You may believe in the Loch Ness Monster or you may believe in UFOs or you may believe in ghosts. But, don’t believe that there is a National Letter of Intent for NCAA Division III schools, because they DO NOT exist!
This past week was a HUGE week for the big football programs across the country as it was National Signing Day. You may have seen the highlights on ESPN of Juju Smith committing to USC or Solomon Thomas committing to Stanford (nice touch with the tree, glasses and bowtie) as well as all of the other major commitments. But what does this have to do with soccer recruiting at the NCAA Division III level? In a word…. nothing.
The National Letter of Intent program is a program designed for NCAA Division I and NCAA Division II programs that offer athletic scholarships. Since NCCA Division III programs do not have athletic scholarships, they do not participate in this program and there are not National Letters of Intent for NCAA Division III programs. (As an aside, the signing date for NCAA Division I and II men’s and women’s soccer opened up on February 5th as well, but that did not get to much news coverage!)
Even at the NCAA Division I and II levels the program is voluntary, but it is in the schools best interest to “lock up” their student-athletes with letters of intent. From the website, the National Letter of Intent is “a binding agreement between a prospective student-athlete and an NLI member institution”. The agreement stipulates that the student-athlete will agree “to attend the institution full-time for one academic year (two semesters or three quarters)” and “the institution agrees to provide athletics financial aid for one academic year (two semesters or three quarters)”. Again, this is a binding agreement between the student-athlete and the institution.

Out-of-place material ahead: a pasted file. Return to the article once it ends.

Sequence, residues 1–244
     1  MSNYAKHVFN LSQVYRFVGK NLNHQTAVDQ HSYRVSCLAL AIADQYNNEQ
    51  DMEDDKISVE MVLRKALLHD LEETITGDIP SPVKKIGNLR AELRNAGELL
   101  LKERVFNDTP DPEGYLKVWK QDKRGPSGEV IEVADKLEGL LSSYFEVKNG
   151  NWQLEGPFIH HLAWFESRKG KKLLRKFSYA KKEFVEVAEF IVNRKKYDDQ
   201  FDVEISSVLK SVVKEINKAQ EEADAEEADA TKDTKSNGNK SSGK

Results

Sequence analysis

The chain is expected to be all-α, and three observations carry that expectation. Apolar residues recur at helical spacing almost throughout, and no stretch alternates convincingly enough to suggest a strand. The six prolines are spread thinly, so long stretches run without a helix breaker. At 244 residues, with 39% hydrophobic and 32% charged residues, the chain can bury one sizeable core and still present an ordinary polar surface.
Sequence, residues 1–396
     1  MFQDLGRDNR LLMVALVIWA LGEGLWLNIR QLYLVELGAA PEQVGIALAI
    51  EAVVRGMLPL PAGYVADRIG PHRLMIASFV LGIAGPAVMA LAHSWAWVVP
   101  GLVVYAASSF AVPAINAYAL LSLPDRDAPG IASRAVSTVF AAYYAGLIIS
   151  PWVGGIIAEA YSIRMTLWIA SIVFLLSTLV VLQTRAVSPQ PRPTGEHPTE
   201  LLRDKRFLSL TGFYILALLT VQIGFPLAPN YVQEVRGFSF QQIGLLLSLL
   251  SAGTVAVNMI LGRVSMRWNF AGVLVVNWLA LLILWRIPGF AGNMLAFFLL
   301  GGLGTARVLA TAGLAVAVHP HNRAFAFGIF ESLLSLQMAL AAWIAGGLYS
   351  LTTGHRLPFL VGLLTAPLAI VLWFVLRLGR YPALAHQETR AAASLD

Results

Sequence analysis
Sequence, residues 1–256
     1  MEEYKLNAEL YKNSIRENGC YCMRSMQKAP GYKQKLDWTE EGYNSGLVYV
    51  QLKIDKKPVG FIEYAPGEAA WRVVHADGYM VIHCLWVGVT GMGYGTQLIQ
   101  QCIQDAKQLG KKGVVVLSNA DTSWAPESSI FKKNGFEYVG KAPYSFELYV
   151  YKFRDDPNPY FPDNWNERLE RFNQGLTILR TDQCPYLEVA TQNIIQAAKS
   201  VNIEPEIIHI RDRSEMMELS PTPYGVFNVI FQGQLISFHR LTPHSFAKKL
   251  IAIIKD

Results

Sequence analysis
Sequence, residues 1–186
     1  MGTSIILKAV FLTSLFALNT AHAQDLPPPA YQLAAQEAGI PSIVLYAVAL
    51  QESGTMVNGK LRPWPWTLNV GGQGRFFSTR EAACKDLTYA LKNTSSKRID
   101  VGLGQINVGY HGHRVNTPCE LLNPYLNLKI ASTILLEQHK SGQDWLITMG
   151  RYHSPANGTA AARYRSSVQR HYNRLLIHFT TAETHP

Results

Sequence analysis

From a NCAA Division III perspective, all of the National Letter of Intent and the hype surrounding it is fairly meaningless and plays no part in the recruiting process. However, we have received several questions here at the Hub about D3 college coaches offering some form of “letters of intent” to prospective student-athletes.
At best, these can be celebratory occasions, where student-athletes can participate in “signing ceremonies” (like they see on TV) and commit to their selected Division III school of choice. It gives the student-athlete a feeling of accomplishment, a sense of closure in the college selection process, and creates buzz for the college as well as the high school by getting some media coverage.
On the downside, some Division III college coaches can attempt to use a “commitment letter” in a negative way. The coaches demand that student-athletes commit to their schools or suffer consequences. These consequences could be losing their spot on the team or support of their application from the athletic department. In either case, one has to question the integrity of the coach in question to use tactics such as these.
The bottom line is this— The National Letter of Intent program has nothing to do with NCAA Division III programs. It does not exist at this level and only applies for programs that offer athletic scholarships and participate in the program. Be wary of NCAA Division III coaches that attempt to use this tool with prospective student-athletes as one has to question their rationale and motivation.
Questions? Comments? Drop us a line at email@example.com. Thanks for reading!